Columbia residents even will find a sly tip of the hat to their hometown embedded in the novel; a lawyer character is named Garth Newgrange, an inversion of the name of the street on which the author lived for eight years.
As young Michael pedaled his bike around town, he fell in love with the oddball street signs. Because sound is so important to him, it's easy to imagine him reciting the names over and over, feeling their weight and shape on his tongue.
"When I sit down and try to put words on a page, I generally hear the cadence before anything else," he says.
"It's a sort of sense of the syllables and how they're going to fall. There might be some gaps in the words, but I keep going so I don't forget the rest of the cadence. Then I go back later and fill in the parts that are missing."
For Chabon, writing isn't about filling in the gaps of just individual sentences. All six of his novels deal in some fashion with the fallout caused by a missing father. "Telegraph Avenue," which includes abandoned children, substitute fathers and a nervous father-to-be, is no exception.
He says that preoccupation resulted from his parents' divorce while he was in middle school. What's worse, the father he loved and admired so much moved from Baltimore to Pittsburgh.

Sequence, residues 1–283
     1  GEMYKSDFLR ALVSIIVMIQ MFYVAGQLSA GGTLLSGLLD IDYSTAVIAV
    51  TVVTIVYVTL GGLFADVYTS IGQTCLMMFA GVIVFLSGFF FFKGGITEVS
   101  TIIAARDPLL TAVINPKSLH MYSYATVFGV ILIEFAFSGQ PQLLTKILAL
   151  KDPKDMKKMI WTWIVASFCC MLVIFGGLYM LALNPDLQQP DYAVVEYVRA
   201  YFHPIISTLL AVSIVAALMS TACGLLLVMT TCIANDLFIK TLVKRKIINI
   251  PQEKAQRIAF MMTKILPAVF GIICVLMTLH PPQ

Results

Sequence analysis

It was the mid-1970s, a time when he says that dissolving a marriage no longer was considered forbidden and shameful. Instead, enlightened people were supposed to consider divorce as difficult, perhaps, but for the best. It allowed two people who never should have been married in the first place the opportunity to lead more fulfilling lives.
"I wanted my parents to be happy," he says.
"But what that conception left out is the whole notion of my world being shattered. After my father moved to Pittsburgh, I went from seeing him every day to seeing him on Christmas and summer vacations and on some weekends. It took me a long time to realize how devastating that experience was for me."
He reacted to that loss by vowing to be deeply involved with his own children. As a young man, Chabon used to declare to his dates that when he found the woman he wanted to wed, he would stay home with the kids so she could pursue her career.
In the early 1990s, he met and married Ayelet Waldman, a lawyer turned novelist. After the birth of the first of the couple's four children, Chabon embarked on a schedule of being a father during the day and writing at night between 10 p.m. and 3 a.m.
"I wanted the subtle satisfactions of being a parent," he says.
"If you're not having any of those moments when you help your kids adjust their backpacks so the straps don't hurt any more, then you're not having the tiny, accumulative moments that add up to intimacy."
But he doesn't see any links between giving birth to a child and giving birth to a novel.
"The only analogy that comes to mind," Chabon says, "is that no matter how much I practice, I keep making the same rookie mistakes."
If you go
Michael Chabon will appear at 7 p.m. Wednesday at the University of Baltimore's John and Frances Angelos Law Center, 1420 N. Charles St.*Free. Call 410-837-4200 or visit ubalt.edu.
* An earlier version of this story included an incorrect building location for Michael Chabon's talk.